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Posted by on Aug 2, 2012 in Politics | 3 comments

Pew Poll Shows Romney’s Challenge: Trails Obama Amid Likability Problem (UPDATED)

It’s easy to predict: there will be some kind of course correction in the campaign of presumptive Republican Presidential nominee Mitt Romney in light of recent polls — particularly this Pew Research Center poll which shows him trailing President Barack Obama by ten points amid some likability erosion.

Will Romney move to the center as many political operatives and political scientists say he must? Or will he move more to the right and try to generate a huge “mobilization election,” pushing all hot buttons possible and throwing out batches of red meat to GOPers to get every possible Republican out to vote against Obama? Or can he do the seemingly impossible: do a little of both.

Or will he roll the dice and try a “game changer” as his Veep pick — someone not being widely discussed (yet) by the conventional wisdom spreaders?

And will yet another lousy report on the economy be enough to convince voters to vote for Romney if they find him so unlikable — and if he faces continued pressure to release his tax returns and to explain his tax plan, which some say will give the rich a tax break and tax the middle class?

No matter what he does this poll is not good news for Camp Romney and indicates some recalibrating is in order:

By a 52% to 37% margin, more voters say they have an unfavorable than favorable view of Mitt Romney. The poll, conducted prior to Romney’s recent overseas trip, represents the sixth consecutive survey over the past nine months in which his image has been in negative territory.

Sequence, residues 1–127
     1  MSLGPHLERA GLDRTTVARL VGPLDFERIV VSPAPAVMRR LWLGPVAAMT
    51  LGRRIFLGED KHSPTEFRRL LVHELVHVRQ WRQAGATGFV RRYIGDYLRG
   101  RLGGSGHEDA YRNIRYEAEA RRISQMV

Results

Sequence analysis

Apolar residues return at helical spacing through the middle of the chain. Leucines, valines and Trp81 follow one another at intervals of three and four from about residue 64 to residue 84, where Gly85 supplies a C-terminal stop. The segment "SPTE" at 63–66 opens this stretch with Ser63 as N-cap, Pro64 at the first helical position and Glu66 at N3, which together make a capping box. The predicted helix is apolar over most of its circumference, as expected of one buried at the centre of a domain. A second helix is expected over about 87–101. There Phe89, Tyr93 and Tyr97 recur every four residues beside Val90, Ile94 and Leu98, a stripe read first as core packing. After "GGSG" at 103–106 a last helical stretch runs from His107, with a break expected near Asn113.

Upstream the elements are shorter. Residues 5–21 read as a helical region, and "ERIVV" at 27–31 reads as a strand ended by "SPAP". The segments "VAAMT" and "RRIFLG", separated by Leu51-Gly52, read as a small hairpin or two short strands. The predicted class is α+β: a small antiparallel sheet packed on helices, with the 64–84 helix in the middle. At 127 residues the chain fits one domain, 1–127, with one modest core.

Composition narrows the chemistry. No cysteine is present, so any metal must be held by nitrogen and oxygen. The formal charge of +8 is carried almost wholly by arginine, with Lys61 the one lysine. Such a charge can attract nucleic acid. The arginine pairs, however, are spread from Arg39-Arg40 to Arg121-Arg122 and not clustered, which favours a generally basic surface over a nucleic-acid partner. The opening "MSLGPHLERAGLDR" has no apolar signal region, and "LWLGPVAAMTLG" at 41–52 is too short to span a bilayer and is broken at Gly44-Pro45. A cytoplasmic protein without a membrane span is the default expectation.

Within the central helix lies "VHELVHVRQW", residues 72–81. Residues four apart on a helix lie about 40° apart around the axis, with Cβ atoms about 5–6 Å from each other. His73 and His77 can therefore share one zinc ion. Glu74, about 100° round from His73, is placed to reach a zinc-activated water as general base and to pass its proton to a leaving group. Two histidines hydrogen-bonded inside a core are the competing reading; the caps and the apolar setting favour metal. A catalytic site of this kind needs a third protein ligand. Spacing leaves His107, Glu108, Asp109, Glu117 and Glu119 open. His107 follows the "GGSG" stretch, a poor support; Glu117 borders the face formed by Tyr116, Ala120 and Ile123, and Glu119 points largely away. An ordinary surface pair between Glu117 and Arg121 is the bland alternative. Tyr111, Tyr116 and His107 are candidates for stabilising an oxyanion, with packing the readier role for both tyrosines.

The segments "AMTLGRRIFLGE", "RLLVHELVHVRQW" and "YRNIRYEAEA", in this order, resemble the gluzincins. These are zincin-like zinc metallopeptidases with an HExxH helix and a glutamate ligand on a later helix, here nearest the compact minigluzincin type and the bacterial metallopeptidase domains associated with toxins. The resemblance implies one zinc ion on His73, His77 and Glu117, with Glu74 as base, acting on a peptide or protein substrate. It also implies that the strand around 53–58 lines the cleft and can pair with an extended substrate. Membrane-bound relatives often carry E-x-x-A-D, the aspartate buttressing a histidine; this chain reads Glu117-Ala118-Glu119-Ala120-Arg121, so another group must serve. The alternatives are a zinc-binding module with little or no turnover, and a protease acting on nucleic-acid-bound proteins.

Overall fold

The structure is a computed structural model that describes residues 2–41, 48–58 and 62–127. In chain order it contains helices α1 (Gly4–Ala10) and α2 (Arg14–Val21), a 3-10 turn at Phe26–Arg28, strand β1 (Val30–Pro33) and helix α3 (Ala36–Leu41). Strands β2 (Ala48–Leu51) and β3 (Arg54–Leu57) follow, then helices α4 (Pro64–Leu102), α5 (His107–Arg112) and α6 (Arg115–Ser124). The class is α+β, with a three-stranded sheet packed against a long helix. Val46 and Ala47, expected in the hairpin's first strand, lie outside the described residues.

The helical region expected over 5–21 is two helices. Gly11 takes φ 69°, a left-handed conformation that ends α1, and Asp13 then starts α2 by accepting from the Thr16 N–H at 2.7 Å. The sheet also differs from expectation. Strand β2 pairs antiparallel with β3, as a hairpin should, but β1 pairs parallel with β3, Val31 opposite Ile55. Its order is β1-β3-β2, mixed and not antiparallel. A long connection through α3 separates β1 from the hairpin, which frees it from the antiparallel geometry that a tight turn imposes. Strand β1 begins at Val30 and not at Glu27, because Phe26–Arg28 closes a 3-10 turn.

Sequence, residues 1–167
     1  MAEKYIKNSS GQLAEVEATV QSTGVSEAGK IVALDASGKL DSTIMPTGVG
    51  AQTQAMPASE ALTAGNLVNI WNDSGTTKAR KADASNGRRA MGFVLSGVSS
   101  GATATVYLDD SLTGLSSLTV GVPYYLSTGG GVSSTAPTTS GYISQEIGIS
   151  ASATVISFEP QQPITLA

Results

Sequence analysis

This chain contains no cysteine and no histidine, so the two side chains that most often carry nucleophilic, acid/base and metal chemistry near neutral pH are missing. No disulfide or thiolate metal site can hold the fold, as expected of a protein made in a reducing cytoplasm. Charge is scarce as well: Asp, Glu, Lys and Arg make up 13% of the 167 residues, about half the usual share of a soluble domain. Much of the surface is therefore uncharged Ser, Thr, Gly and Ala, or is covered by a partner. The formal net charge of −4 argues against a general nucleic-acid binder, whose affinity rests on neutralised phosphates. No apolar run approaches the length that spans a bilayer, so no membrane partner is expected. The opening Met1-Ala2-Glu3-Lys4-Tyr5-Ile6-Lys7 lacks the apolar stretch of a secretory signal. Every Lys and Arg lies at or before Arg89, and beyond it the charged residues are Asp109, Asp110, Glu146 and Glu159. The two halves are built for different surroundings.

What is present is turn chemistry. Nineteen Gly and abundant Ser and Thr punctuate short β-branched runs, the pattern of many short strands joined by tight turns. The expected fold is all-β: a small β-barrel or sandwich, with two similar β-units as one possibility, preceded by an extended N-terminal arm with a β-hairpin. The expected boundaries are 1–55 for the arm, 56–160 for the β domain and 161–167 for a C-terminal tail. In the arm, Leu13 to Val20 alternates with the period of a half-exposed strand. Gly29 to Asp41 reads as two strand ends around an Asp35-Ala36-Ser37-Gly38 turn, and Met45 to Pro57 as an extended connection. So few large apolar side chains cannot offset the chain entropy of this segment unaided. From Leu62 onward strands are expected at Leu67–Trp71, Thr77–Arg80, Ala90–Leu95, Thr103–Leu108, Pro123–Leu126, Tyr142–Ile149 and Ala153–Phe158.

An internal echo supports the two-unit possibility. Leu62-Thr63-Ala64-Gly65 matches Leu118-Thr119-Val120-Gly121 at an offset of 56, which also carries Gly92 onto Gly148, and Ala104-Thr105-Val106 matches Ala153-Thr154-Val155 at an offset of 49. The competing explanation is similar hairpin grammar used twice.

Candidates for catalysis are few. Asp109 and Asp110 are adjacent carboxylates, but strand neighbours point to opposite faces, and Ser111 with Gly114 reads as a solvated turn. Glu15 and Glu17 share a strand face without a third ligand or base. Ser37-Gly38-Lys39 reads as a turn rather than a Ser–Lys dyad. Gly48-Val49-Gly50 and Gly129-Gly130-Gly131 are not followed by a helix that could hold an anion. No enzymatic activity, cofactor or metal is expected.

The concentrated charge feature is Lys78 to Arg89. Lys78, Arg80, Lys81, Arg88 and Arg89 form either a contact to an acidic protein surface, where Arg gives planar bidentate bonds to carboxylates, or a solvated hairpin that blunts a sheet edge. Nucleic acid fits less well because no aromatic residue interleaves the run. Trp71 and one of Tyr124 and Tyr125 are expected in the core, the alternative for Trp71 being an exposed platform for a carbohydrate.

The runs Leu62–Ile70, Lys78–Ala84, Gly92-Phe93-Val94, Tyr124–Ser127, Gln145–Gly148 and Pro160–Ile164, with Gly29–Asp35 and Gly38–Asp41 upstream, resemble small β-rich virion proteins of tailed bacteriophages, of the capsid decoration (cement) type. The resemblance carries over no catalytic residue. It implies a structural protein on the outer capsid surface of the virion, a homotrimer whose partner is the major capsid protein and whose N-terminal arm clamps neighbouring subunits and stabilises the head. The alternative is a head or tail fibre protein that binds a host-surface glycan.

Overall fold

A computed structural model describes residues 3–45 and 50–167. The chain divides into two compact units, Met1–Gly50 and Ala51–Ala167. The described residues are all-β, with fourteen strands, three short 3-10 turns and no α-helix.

Not that this is BEFORE his European trip — which was in several ways a “trip.”

While Romney’s personal favorability improved substantially between March and June – as Republican voters rallied behind him after the primary season ended– his image has again slipped over the past month.

Barack Obama’s image remains, by comparison, more positive – 50% offer a favorable assessment of the president, 45% an unfavorable one. Even so, Obama’s personal ratings are lower than most presidential candidates in recent elections.

And there is a historical warning flag for Romney as well:

A review of final pre-election surveys of voters since 1988 finds that all candidates enjoyed considerably higher personal ratings going into the final days of their campaigns than does Mitt Romney currently. In fact, only three, Michael Dukakis in 1988, George H.W. Bush in 1992 and Bob Dole in 1996, were not rated favorably by a majority of voters. Obama’s current ratings also are lower than the pre-election ratings of most other recent presidential candidates.

The latest national survey by the Pew Research Center for the People & the Press, conducted July 16-26, 2012, among 2,508 adults, including 1,956 registered voters, finds that, in keeping with his favorability advantage, Obama continues to hold a sizable lead over Romney in the election contest. Currently, 51% say they support Obama or lean toward him, while 41% support or lean toward Romney. This is largely unchanged from earlier in July and consistent with polling over the course of this year. Across eight Pew Research Center surveys since January, Obama has led Romney by between four and 12 percentage points.

Meanwhile, a close battle rages in the swing states:

Obama holds only a four-point edge (48% to 44%) across 12 of this year’s key battleground states. While the data does not allow a state-by-state analysis, the overall balance of support in these closely contested states has remained level in recent months, with Obama slightly ahead, but neither candidate holding a significant advantage.